Vital Brains: The Making and Use of Models in Neuroscience

Vital Brains: The Making and Use of Models in Neuroscience

Neuroscience and Society Network organizers: Sam McLean and Tara Mahfoud, PhD Candidates, Department of Social Science, Health and Medicine, King's College London; Critical Neuroscience network organizers: Philipp Haueis, PhD Candidate, Berlin School of Mind and Brain Jan Slaby, Junior Professor of Philosophy, Free University of Berlin
Freie Universität Berlin, Habelschwerdter Allee 45, Room KL 32/202.
Vom - Bis
07.04.2016 - 08.04.2016
Philipp Haueis

Using models to understand the human brain is hardly new. The practice has been used widely in the natural and life sciences since the 1800s, and continues today. Yet very little study by social scientists has been dedicated to how the neurosciences develop and use models to better understand what the brain is and how it works, including the complex entanglements between brains and the social. The workshop aims to understand the problems associated with modelling the brain by exploring the history and use of physical models of the brain, the development of digital models and simulations of the brain, and the development and use of animal models in neuroscience.
The workshop will tackle four key questions:
1) How are brain models created and used in teaching and research?
2) What are the conceptual benefits, and limits of abstracting the brain from its context?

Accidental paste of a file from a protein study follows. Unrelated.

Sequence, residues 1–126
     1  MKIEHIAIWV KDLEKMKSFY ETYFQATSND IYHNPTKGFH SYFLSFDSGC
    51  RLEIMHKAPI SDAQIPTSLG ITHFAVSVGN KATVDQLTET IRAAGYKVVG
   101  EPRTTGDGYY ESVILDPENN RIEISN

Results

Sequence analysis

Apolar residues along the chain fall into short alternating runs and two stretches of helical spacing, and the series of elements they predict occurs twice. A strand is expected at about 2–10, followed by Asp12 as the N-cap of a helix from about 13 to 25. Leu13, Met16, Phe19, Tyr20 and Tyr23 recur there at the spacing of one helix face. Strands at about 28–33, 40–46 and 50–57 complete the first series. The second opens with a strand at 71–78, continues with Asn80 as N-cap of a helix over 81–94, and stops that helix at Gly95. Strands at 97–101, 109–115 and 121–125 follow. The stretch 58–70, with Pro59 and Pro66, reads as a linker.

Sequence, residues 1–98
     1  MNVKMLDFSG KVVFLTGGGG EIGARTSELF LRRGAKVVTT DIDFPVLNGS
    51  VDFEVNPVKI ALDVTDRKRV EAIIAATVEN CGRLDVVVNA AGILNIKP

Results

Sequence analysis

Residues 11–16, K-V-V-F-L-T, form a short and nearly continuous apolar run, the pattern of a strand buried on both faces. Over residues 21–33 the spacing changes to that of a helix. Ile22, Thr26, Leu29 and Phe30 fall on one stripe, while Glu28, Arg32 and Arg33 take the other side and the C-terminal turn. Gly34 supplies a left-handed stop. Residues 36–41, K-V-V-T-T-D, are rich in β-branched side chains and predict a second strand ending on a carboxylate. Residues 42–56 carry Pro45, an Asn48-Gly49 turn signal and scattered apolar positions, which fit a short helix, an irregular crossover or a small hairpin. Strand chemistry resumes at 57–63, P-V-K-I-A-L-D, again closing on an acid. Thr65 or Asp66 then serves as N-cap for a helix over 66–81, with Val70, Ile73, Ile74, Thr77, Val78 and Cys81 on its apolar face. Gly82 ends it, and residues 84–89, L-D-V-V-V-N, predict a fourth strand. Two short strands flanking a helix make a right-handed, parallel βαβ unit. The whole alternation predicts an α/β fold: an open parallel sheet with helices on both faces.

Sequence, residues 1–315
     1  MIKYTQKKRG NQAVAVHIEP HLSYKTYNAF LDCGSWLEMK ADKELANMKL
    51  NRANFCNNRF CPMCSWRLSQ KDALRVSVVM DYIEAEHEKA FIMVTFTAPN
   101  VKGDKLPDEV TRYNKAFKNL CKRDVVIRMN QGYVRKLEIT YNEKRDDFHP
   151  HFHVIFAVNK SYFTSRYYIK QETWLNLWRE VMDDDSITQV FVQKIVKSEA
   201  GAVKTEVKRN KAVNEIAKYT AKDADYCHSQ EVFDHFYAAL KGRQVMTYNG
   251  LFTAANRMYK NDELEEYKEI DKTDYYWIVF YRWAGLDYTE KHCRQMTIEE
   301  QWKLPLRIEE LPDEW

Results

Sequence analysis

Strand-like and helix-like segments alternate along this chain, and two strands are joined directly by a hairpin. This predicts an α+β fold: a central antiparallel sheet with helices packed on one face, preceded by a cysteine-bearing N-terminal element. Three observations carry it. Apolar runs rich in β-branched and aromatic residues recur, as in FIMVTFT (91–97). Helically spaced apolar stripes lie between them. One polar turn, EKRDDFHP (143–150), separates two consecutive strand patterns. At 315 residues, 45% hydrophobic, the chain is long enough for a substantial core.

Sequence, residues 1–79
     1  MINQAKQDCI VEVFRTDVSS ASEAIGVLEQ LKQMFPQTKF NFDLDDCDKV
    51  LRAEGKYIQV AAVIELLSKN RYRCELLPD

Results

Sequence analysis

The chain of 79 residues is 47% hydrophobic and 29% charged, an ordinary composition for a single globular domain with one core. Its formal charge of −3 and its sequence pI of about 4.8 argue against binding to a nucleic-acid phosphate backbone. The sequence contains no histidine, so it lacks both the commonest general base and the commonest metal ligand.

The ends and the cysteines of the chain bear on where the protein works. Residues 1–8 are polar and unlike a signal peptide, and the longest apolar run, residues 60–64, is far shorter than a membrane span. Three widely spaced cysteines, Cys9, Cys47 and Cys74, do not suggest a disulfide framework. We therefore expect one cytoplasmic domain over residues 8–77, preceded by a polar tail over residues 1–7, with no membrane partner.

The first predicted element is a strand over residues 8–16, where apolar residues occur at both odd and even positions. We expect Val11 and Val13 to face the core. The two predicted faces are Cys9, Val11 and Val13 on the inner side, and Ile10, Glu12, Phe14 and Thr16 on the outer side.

3) What would a ‘vital’ model of the brain look like?
4) What are the implications of brain modelling for the social?


April 7 2016

Introduction by the organizers
(Tara Mahfoud, Sam McLean, Jan Slaby & Philipp Haueis)

Bridging the Gap between System and Cell: the Role of 7T MRI in Human Neuroscience
Robert Turner, MPI Human Cognitive and Brain Sciences Leipzig

Vitalism, Neuroscience, and the Problem of Translation
Nikolas Rose, King’s College London

Your Brain on a Plate: Towards a History of 3D Models of the Brain
Marius Kwint, University of Portsmouth

Models of What Exactly? Tales from the Workbenches of Contemporary
Imaging Neuroscience
Johannes Bruder, Academy of Art and Design FHNW

Epistemic Virtues of Visualization: The Living Brain Revisited
Cornelius Borck, University of Lübeck

April 8 2016

09:00 - 11:00
Models, Machines, and Mental Labour: Information Processing, 1950-1980
Max Stadler, ETH Zurich

What is Vital to Model? Negotiating Tops and Bottoms in the European
Union’s Human Brain Project
Tara Mahfoud, King’s College London

Knowledge by Large-Scale Neural Simulations
Maria Serban, University of Copenhagen

Living with Indiscernible Matter: Modelling Drug Memories
Sam McLean, King’s College London

Connectomes as Constitutively Epistemic Objects
Philipp Haueis, Berlin School of Mind and Brain
Jan Slaby, Free University of Berlin

Drugged and Dreaming Brains: Two Opaque Models to Explore the
Neurobiological Basis of Mental Phenomena
Nicolas Langlitz, New School for Social Research

14:30 - 16:30
Slicing the Brain to Study Mental Illness: Reflecting with Alois Alzheimer
on the Normal and the Pathological Brain
Lara Keuck, Humboldt University Berlin

Animal Models, Economic Decision-Making, and the Length of the
(Primate) Work Day
Gail Davies, University of Exeter

Marketing the Model: Patents and Mouse Strains in Alzheimer’s Research
Bronwyn Parry, King’s College London


Philipp Haueis

Berlin School of Mind and Brain
Veröffentlicht am
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